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US-Africa: AGOA 2.0 must embrace Africa’s new common market

Witney Schneidman
By Witney Schneidman

Head of Covington's Africa practice and a former US Deputy Assistant Secretary of State for African Affairs. He is a non-resident fellow at the Brookings Africa Growth Initiative.

Posted on Tuesday, 24 September 2019 11:19

Africans are increasingly shunning US goods as high tariffs make them uncompetitive. REUTERS/Thierry Gouegnon

The trade landscape on the continent has shifted since the African Growth and Opportunity Act (AGOA) began in 2000. The US-Africa relationship must do so, too.

The African Growth and Opportunity Act (AGOA) is set to expire in 2025. That may be the distant future for some, but given the time required to pass trade legislation in the US Congress, it’s the functional equivalent of tomorrow’s mid-day meal. Preparation for the post-AGOA trade relationship between the US and Africa needs to begin now.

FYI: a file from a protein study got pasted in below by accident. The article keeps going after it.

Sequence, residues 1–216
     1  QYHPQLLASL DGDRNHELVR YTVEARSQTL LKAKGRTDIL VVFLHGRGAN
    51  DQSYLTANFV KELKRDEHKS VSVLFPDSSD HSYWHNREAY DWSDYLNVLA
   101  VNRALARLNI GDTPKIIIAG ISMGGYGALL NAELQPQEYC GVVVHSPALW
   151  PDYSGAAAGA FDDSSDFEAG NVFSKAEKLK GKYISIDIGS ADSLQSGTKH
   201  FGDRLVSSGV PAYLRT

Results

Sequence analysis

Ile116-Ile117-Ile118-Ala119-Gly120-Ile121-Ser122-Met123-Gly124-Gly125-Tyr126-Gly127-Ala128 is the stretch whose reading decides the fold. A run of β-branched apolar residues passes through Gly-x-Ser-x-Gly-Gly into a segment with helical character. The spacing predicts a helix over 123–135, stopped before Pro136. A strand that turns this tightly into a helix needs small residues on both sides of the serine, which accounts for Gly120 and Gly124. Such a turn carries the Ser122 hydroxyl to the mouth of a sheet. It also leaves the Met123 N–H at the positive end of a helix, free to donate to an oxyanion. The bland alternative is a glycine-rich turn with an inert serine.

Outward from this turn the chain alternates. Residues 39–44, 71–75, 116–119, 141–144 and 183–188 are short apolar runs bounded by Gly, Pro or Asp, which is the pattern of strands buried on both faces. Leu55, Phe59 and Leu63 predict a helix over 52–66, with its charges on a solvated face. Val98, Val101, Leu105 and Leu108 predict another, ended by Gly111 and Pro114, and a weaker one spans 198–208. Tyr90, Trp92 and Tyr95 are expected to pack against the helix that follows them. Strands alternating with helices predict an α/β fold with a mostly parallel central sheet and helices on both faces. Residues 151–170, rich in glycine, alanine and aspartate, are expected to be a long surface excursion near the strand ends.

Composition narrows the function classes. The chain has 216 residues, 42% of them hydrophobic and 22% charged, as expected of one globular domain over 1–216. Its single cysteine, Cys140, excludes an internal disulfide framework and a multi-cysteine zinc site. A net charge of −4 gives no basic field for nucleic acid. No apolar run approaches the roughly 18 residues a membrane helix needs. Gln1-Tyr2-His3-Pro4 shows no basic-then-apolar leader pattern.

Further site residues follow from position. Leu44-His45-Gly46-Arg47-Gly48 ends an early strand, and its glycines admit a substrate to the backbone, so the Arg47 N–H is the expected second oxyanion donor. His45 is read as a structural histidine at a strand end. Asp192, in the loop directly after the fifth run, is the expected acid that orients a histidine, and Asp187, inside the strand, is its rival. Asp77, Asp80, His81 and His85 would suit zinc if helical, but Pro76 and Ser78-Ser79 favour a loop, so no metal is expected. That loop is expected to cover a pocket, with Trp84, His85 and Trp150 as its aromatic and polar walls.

AGOA has had important successes, but improvements need to be made to the programme.

  • The legislation, which removed all tariffs on 6,400 products available for export to the US, helped to move the US-Africa relationship from aid to trade, from donor-recipient to one of mutual benefit and gain.
  • In return, the US required only that the nearly 40 participating African countries be making progress on economic and political reforms and pose no threat to US national security.
  • These conditions constituted a low bar as the number of AGOA countries has been relatively stable since the legislation went into effect in 2000.

In terms of promoting exports to the US, AGOA has had measured success. Some countries, such as South Africa, have benefited significantly. South Africa’s auto exports to the US under AGOA have created tens of thousands of jobs in that country and in the auto supply chain in neighbouring countries.

Apparel exports from other countries, such as Lesotho, Ethiopia, Mauritius, eSwatini and Kenya, have also created a similar number of jobs. These apparel exports are important not only for the jobs created but for the labels that say Made in Mauritius, Made in Lesotho and Made in Kenya, for example.